While Pawar thought the bill was trying to do too much, others argued that it was not enough. “This is a very important act, an opportunity to do something about malnutrition. India has the highest cases of malnutrition. The basic flaw with it is that there is no clarity in identification of the different socio-economic groups,” said Jean Dreze, an economist and one of the activists championing the Right to Food Campaign. The bill proposes a targeted Public Distribution System whereby food grains will be sold to people in newly defined categories of the needy at rates much lower than those on offer in the current PDS. Some states such as Kerala and Tamil Nadu are wary of the bill undermining their successful universal PDS (that can be accessed by all).

 

Sharad Pawar Declares Sonia Gandhi’s Food Bill Unpalatable (By DNA Correspondent, Daily News & Analysis)

‘National Food Security Bill is Deeply Flawed’ (Zee News)

Jayalalithaa Opposes National Food Security Bill (Times of India)

 

Pro-Bill

“As finance minister, when I think of the enormity of the subsidies to be provided, I lose my sleep. There is no doubt,” said Finance Minister Pranab Mukherjee at a conference on the Public Distrubtion System (PDS) and storage, but he was quick to add that the government needed to rise to people’s expectations. According to KV Thomas, minister of state at the Department of Food and Public Distribution, there will only be marginal rise in cost over what is already being spent in the name of food subsidy. Noted journalist Praful Bidwai wrote that “the likely cost will not exceed Rs 27,000 crore ($5.4 billion USD), in addition to the existing Rs 67,000-crore ($13.5 billion USD) food subsidy. The addition works out to a minuscule 0.3 percent of India’s GDP … The amount is about half of what was written off last year via customs duty exemptions for diamond and gold alone.”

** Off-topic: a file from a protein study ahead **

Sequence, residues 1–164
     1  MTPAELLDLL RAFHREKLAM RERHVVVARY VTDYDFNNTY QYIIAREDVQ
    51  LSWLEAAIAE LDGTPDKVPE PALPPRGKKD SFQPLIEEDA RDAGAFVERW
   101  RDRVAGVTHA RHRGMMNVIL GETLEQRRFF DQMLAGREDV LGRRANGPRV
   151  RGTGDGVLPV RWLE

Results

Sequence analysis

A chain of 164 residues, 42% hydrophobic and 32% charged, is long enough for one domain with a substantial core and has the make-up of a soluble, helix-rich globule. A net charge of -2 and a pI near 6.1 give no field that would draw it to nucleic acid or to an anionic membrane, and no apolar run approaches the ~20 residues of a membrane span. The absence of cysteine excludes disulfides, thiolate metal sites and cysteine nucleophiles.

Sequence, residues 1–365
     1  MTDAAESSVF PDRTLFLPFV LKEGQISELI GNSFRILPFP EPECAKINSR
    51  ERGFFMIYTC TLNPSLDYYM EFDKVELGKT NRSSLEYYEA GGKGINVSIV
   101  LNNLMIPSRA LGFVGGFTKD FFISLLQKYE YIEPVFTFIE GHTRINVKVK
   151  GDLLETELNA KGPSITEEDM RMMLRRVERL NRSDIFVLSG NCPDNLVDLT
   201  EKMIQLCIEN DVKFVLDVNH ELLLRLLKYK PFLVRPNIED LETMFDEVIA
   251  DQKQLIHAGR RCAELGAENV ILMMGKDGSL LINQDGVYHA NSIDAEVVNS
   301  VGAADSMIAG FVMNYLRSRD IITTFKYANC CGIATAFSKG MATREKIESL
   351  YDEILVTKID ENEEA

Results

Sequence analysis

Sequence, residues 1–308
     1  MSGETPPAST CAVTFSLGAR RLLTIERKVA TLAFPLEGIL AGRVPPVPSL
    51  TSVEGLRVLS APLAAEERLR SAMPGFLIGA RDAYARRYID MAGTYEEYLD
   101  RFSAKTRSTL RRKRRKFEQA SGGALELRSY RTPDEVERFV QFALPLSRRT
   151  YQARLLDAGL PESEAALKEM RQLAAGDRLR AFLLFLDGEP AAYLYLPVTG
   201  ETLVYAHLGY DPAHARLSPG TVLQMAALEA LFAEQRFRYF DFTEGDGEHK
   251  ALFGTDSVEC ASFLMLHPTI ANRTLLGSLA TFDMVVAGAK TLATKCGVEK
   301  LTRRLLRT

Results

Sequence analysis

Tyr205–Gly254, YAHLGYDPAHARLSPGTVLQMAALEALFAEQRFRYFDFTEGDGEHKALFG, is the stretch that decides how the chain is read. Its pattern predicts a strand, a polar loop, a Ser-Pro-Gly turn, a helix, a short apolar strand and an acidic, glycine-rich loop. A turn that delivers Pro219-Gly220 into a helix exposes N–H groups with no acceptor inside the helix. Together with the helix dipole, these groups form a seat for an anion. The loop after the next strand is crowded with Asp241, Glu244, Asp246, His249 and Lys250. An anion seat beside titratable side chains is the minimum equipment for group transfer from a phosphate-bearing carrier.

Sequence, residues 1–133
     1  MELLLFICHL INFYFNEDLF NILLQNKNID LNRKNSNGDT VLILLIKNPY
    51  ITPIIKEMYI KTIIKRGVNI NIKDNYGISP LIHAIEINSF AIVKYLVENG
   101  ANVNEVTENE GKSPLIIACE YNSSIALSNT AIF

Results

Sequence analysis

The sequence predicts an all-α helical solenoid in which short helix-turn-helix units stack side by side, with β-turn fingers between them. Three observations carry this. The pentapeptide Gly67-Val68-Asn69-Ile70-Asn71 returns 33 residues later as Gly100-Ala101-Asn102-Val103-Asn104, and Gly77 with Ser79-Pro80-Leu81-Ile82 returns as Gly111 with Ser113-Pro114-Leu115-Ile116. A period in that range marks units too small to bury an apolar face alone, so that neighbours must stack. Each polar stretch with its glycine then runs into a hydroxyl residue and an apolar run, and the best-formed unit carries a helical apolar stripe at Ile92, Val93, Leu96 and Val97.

Losing Sleep over Enormity of Subsidies, Says Pranab (by BS Reporter, Business Standard)

False Fears about Food Security (by Himanshu, Mint)

Why the Food Security Bill is Fatally Flawed (by Praful Bidwai, Rediff)

more
Former Directors:

Sushama Nath

Sushama Nath (born 1951) was secretary, department of expenditure, from 2008 to 2011. She then went on to become the country’s first woman finance secretary. A graduate in chemistry and law, she joined IAS in 1971.

more

Comments

Leave a comment

Founded: 1947
Annual Budget: $24.7 million
Employees: 945
Department of Expenditure
  • Latest News